Report of research exploring the experience of friendship in relation to mental distress. Begins by examining the experience of being a friend of someone in mental distress, discussing the impact on the friendship and the support available for carers. Then goes on to consider the situation of the person in distress: whether they disclose to friends, the responses they receive and the support that friends can give. Ends by analysing the nature of friendship and makes policy and practice recommendations.

Journal article

Friends in deed

Author:
WRIGHT Sarah
Journal article citation:
Mental Health and Learning Disabilities Care, 4(9), May 2001, pp.288-289.
Publisher:
Pavilion

Looks at the vital and unrecognised role friends play in supporting people with mental health problems.

Journal article

Work issues for young people with psychosis: barriers to employment

Authors:
BASSETT Jo, LLOYD Chris, BASSETT Hazel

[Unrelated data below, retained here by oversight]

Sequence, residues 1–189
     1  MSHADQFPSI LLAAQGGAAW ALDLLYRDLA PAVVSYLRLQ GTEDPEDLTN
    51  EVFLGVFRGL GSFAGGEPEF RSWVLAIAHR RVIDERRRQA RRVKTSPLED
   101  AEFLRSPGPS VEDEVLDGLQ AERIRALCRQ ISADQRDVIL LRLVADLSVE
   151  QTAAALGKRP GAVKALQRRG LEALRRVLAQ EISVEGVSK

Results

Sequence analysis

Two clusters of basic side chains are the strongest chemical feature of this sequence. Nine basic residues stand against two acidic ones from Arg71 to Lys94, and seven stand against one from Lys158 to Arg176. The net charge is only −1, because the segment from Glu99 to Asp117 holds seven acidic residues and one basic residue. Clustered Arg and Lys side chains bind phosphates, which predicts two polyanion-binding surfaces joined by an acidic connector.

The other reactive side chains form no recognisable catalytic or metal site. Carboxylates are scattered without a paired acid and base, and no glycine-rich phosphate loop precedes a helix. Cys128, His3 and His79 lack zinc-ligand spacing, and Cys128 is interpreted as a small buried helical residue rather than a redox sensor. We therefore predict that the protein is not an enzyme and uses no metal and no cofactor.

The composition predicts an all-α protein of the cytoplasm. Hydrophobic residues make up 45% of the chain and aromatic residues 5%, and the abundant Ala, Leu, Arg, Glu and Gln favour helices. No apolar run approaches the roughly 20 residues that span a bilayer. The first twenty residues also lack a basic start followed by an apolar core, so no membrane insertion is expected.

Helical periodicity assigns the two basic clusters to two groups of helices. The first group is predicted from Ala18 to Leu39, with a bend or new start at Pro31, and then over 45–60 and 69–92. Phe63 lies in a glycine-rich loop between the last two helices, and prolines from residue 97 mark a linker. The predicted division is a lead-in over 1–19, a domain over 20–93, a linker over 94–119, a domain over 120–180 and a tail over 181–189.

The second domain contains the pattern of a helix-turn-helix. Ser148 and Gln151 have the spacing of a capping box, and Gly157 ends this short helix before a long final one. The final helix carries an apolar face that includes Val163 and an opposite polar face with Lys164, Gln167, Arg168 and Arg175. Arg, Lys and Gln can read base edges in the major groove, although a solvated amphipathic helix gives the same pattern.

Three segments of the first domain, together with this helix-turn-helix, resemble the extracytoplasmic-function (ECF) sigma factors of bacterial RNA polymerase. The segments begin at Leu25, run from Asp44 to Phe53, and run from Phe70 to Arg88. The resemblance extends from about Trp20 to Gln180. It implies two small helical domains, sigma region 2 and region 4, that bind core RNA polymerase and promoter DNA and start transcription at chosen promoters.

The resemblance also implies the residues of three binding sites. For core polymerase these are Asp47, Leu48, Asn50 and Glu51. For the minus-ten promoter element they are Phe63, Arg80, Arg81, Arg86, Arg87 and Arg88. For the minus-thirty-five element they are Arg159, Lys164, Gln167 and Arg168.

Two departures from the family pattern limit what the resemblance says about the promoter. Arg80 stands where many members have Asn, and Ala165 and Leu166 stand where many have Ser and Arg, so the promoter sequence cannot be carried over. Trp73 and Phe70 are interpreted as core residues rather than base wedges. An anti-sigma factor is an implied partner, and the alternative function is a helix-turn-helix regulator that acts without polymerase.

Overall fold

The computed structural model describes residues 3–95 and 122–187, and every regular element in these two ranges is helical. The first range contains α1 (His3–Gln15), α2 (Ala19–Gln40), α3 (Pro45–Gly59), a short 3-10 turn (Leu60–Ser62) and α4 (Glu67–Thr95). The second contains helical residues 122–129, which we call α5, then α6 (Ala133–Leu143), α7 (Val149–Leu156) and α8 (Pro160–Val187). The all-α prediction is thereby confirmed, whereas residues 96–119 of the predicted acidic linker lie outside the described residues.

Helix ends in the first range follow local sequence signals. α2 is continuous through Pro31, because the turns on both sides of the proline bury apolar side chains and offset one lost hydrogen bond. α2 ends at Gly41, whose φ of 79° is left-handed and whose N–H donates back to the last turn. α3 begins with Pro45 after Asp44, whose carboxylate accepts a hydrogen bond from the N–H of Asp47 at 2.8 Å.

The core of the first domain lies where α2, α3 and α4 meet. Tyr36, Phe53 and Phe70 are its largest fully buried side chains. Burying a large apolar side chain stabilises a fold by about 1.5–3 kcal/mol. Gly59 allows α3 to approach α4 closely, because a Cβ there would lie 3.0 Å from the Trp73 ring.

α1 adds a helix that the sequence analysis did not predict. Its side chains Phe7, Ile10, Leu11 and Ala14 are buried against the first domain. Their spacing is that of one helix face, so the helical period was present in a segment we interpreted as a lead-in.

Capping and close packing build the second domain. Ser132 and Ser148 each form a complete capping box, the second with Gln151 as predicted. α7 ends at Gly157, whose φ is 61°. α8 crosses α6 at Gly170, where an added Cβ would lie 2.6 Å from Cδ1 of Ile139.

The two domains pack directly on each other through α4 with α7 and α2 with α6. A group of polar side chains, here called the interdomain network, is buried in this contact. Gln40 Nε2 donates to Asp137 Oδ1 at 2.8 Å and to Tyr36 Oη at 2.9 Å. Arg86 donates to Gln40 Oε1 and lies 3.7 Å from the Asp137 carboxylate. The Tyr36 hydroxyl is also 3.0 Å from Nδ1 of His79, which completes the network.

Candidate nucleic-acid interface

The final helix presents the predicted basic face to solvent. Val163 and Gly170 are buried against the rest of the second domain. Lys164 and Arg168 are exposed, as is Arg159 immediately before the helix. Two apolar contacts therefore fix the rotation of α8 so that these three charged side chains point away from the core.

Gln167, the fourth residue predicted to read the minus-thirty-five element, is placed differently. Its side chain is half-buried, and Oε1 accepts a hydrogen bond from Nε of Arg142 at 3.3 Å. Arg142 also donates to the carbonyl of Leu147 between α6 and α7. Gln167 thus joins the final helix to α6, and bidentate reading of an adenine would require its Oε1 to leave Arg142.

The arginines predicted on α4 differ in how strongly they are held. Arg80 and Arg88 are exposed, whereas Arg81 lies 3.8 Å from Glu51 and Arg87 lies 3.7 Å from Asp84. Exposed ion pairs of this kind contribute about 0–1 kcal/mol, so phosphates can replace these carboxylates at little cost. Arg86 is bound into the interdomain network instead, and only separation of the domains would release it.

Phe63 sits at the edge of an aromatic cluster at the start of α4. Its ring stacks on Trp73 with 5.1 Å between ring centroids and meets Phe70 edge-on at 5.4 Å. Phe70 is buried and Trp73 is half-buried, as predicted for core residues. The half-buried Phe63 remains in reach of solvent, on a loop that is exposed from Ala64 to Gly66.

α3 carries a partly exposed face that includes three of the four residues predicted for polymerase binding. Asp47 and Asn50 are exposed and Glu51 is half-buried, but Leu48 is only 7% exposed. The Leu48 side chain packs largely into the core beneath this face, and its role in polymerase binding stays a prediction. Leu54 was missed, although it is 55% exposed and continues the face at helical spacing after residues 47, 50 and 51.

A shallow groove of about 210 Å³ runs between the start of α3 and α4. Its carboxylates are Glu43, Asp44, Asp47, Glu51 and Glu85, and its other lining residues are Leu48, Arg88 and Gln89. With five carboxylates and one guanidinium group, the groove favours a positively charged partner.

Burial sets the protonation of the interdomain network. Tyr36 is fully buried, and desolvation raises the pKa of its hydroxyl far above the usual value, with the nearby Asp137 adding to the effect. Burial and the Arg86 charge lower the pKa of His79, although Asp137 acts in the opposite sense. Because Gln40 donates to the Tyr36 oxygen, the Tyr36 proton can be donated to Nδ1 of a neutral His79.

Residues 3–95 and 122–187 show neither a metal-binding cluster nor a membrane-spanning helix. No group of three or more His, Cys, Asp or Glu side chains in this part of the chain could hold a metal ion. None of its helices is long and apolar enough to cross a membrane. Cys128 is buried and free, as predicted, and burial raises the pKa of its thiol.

Journal article citation:
British Journal of Occupational Therapy, 64(2), February 2001, pp.66-72.
Publisher:
College of Occupational Therapists

Young people who have had a mental illness face significant barriers to both gaining and maintaining employment. This Australian study uses a qualitative design consisting of two focus groups, to identify the issues experienced by young people diagnosed with psychosis wanting to gain employment. The themes identified in this study concern loss, low self-confidence and self-esteem, stigma, treatment issues, the need for support, and difficulties in identifying and achieving goals.

Journal article Full text available online for free